The National Egyptian Museum
The National Museum was amazing. At least its contents were. The museum itself is in a very aged building with broken windows, disgusting washroom facilities, and a thick layer of grime on everything except, mysteriously, the artifacts. It's located next to Tahrir Square which means you should probably check the news to make sure things are calm before going. Thankfully, as Ashley has already explained, the protests were non-violent during the time that we were there.
Some of this old junk just gets left outside.
I wish I could show you the stuff inside.
Entry was 60£ Egyptian (about $10 CAD) to get in the door, and another 100£ Egyptian ($17 CAD) to see the mummy rooms. No cameras are allowed, so I have no inside photos to show you. As they say, you'll have to use your imagination.
Walking inside feels a little bit like you are the first person to arrive at a big garage sale. The place is crammed full. That's not to say it's a small building, because it's a huge two story building - there's just that much stuff. Imagine row upon row upon row of statues, sarcophagi, inscribed tablets, mummified animals, boats, stone doorways, colossi, chariots, and on, and on, and on. Everything ancient Egyptian you've ever wanted to see is there, in bulk quantities. To see it all at a cursory glance would take days, and I don't think that's an exaggeration. We spent about 6 hours there and didn't come close to seeing it all.
For me, the highlights were the golden mask, sarcophagi, chairs, chariots, beds, and jewellery from Tutankhamen (King Tut's) tomb; and the mummy exhibits. Some of the mummies were partially unwrapped allowing us to see their faces. And they weren't just no-name mummies either. Many of them were movers and shakers, meaning that we were able to put a few faces to the names of the pharaohs who constructed tombs and temples that we visited in other parts of Egypt. That was pretty cool.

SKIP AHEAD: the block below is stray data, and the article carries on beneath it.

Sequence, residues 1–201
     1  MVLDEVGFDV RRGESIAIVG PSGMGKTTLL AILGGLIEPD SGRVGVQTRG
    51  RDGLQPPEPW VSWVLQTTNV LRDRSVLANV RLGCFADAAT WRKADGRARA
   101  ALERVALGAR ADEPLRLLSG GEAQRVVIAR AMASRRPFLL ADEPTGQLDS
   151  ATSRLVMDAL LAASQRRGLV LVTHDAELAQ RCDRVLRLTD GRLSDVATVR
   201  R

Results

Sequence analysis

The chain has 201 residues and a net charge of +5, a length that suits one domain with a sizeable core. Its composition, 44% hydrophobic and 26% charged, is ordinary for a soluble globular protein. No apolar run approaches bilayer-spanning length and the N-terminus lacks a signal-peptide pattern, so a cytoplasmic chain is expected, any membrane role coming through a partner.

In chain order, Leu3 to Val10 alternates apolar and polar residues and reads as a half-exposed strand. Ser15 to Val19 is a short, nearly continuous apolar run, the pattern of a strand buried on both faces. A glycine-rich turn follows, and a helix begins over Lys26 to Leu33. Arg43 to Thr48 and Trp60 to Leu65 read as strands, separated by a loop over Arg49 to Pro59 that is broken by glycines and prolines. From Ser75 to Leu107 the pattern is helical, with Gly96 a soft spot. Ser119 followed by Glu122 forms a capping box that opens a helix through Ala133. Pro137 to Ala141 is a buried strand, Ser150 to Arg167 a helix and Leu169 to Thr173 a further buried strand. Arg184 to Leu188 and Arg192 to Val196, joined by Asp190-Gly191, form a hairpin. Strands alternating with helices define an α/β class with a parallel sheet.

On the flip side, most of the artifacts were just displayed with little or no information. It would have been nice to learn a bit about the wars, beliefs, and daily life of the ancient Egyptians while I was looking at the artifacts. But alas, I should have done my research ahead of time.
Despite being both an Ancient and Modern Wonder of the World, they made Ashley cry. We've already talked about that a bit
here, so even though that's my strongest memory of the pyramids, I'm not going to re-hash it. Otherwise, there's not much to say. They look big and impressive, and they are very old. If you ever go, I urge you to wait until you get inside the gate (where prices are cheaper), then barter with a tout and rent either a horse or a camel for the duration of your visit. It will make life so much more bearable than being stubborn and saying no 1,000 times like we did. Because of the touts, I didn't get anything more from my visit than I could have gotten from looking at photos online. I don't think you could pay me to go again. Which is a shame. I normally love old ruined stuff.
A classic shot.
Taken from the other direction. The sphinx has a wonderful view of Cairo.
As much as I hated the horse touts at the time, the animals are photogenic.
A different perspective.
Arguably our favourite day in Cairo was spent walking around. Away from the hustlers near Tahrir Square and Giza, it was quite peaceful. Like in Alexandria
, our street map sucked, but we made do. It was probably to our advantage as we unintentionally skirted around the edge of Old Islamic Cairo missing the bazaar. It was sometime later that we met others who had gone. They described the horror of the bazaar to us, and we realized how fortunate we were to have passed it by.
Food market at night
Another food market
The result of a high import tax on vehicles and a life in the desert.
What we did in Cairo is pretty close to what everyone does in Cairo. See the national museum, see the pyramids, walk around town a bit.